Jeremy Corbyn’s warning not to “rush ahead of the evidence” over the nerve agent attack has “muddied the waters”, a Labour MP has said.
The UK government says the Russian state is responsible for the poisoning of a former spy and his daughter.
Mr Corbyn has condemned the attack but says the involvement of Russian “mafia-like groups” can not be ruled out.
More than 30 Labour MPs have signed a motion which “unequivocally” accepts the Russian state’s “culpability”.
On Wednesday, Prime Minister Theresa May told the Commons that Russia was “culpable” for the attack and that she was expelling 23 Russian diplomats – but Moscow has denied all involvement.
On Thursday, amid calls for him to be firmer in his condemnation of Russia, Mr Corbyn said the “evidence points towards Russia on this”.
But later in an article for the Guardian newspaper, he drew a link with the build-up to the war in Iraq and warned that “clear thinking in an international crisis” could be “overwhelmed by emotion and hasty judgement”.
Labour backbencher Stephen Kinnock told the BBC Mr Corbyn’s first statement, on Thursday, was “a step in right direction” but added: “I think the article he wrote after that then muddied the waters somewhat.
“I think what we need is a very clear line from our leadership stating very clearly that we stand shoulder-to-shoulder with our allies and with the government in the action it’s taken.”
Labour MP Chris Williamson, an ally of Mr Corbyn, told BBC Two’s Newsnight that “clearly it looks like the evidence points to Russia”, but said the UK needs to “make sure we get our facts right” before “leaping into action”.
He said his leader’s approach was “not about being nice to Russia” but about taking “a statesman-like approach”.
And he dismissed those criticising Mr Corbyn’s stance as “a tiny minority of irrelevant malcontents” who are “fighting a proxy war” to undermine the party leader.
Russian former spy Sergei Skripal, 66, and daughter Yulia Skripal, 33, remain critically ill in hospital, 11 days after they were found unconscious on a bench in Salisbury, Wiltshire.
An Early Day Motion, sponsored by Labour backbencher John Woodcock, who has criticised Mr Corbyn’s leadership of the party in the past, states that the signatories “fully support the statement made by the prime minister on 14 March 2018 in response to Russia’s illegal attack on the UK”.
By Laura Kuenssberg, BBC political editor
Whether there is specific direct proof that there was Russian state involvement in the attack or not, the majority of MPs in the House of Commons agree that there is enough evidence and a pattern of behaviour that make this an appropriate moment to take some diplomatic moves against the Putin regime.
While not opposing those specific actions, Mr Corbyn’s tone and reaction to those moves have cracked open Labour’s political truce.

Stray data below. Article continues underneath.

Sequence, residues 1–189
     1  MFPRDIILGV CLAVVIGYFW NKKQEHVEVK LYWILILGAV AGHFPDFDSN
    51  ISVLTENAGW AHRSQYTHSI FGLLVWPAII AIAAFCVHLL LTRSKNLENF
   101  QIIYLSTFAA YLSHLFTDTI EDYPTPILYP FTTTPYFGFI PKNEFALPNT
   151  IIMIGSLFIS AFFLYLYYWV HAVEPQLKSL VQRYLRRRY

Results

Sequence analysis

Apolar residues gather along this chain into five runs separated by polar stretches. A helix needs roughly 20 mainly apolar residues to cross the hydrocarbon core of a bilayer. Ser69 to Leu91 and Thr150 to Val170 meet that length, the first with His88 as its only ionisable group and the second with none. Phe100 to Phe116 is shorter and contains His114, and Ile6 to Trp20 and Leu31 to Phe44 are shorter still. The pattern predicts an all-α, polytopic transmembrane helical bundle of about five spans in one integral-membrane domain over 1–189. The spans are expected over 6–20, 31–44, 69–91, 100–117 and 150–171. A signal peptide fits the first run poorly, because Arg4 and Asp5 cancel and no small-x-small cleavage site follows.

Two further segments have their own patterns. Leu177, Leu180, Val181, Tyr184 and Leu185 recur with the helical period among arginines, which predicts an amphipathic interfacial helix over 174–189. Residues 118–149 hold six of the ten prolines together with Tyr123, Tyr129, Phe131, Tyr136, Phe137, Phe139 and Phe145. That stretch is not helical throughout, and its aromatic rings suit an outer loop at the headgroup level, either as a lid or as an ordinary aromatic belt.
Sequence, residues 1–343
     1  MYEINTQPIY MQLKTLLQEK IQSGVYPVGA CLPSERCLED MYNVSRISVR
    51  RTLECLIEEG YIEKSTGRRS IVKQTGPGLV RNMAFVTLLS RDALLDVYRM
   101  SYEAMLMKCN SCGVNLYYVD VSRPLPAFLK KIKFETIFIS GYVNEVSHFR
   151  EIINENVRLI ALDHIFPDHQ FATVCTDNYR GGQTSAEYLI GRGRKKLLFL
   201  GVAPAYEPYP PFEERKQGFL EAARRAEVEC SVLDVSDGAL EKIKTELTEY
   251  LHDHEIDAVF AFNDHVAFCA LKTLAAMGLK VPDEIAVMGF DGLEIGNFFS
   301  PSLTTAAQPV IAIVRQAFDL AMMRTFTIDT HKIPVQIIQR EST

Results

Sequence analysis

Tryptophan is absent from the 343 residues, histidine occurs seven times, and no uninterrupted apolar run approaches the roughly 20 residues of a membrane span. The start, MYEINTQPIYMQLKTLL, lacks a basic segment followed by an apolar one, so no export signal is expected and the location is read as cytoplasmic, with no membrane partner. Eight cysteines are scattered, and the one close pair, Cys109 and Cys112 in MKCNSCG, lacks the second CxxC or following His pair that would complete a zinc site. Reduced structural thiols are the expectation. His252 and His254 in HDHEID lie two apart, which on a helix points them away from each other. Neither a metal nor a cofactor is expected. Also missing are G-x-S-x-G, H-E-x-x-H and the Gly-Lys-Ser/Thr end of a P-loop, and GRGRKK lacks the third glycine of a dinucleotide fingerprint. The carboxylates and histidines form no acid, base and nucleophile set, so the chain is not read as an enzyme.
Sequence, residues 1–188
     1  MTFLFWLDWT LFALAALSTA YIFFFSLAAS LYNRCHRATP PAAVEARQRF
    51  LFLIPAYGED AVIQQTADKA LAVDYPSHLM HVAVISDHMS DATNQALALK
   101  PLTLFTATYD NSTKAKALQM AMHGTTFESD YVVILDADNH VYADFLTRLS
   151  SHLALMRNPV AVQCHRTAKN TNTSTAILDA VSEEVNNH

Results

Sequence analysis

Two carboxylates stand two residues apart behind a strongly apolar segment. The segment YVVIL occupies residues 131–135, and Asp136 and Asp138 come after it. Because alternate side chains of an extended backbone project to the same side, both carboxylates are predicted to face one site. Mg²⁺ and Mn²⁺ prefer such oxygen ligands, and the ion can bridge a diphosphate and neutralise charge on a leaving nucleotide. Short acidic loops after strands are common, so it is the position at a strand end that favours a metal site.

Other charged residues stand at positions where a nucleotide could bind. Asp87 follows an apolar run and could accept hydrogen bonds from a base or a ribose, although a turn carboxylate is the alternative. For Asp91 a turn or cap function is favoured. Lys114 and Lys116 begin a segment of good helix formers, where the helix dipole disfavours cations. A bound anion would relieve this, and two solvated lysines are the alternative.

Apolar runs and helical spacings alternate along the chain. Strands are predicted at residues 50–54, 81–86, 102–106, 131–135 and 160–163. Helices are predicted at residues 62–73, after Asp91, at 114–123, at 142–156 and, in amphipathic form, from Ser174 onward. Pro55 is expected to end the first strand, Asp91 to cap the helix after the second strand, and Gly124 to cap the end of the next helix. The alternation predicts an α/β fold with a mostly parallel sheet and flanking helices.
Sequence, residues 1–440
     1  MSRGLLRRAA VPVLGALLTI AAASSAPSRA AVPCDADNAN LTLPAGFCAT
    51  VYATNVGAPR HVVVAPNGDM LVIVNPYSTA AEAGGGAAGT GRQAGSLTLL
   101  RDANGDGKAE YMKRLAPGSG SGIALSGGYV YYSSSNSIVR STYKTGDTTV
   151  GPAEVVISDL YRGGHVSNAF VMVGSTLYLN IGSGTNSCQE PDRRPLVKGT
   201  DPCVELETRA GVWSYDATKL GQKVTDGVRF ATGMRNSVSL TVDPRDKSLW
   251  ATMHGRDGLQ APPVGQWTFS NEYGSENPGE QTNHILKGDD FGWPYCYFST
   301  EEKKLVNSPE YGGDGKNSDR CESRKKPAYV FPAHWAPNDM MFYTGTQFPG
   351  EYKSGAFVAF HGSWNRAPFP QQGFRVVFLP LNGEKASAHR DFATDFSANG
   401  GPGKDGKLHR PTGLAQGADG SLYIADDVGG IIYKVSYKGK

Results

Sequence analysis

His comments have stoked worries about the leader’s foreign policy views that have been one of the sources of division in the Labour Party since he became its top pick.
In his Guardian article, Mr Corbyn wrote that he agrees with the expulsion of the diplomats and describes the use of a military-grade nerve agent as “barbaric and beyond reckless”.
But he says that although the evidence points to Russia – the public deserve “calm heads and a measured response” from the government.
“To rush way ahead of the evidence being gathered by the police, in a fevered parliamentary atmosphere, serves neither justice nor our national security,” he writes.
Mr Corbyn says if Moscow is not to blame “a connection to Russian mafia-like groups” cannot be excluded.
He said Russian authorities should be “held to account on the basis of evidence”, adding: “But let us not manufacture a division over Russia where none exists.”
Others in his shadow cabinet have been more explicit in blaming the Russian state. Shadow Defence Secretary Nia Griffith said the party accepted that “Russia is responsible” while Shadow Foreign Secretary Emily Thornberry is reported to have said there was “prima facie evidence” against the Russian government, which “must face the consequences”.
Shadow Brexit Secretary Sir Keir Starmer said it was “the right conclusion” for the prime minister to determine that there was “no alternative explanation other than that responsibility lies with Russia”.
He said it was an “attack on our sovereignty” and, referencing the murder of former KGB agent Alexander Litvinenko in London, in which he acted as a lawyer to bring a case against Russia: “This is not the first time and it needs to be called out with no ifs and no buts.”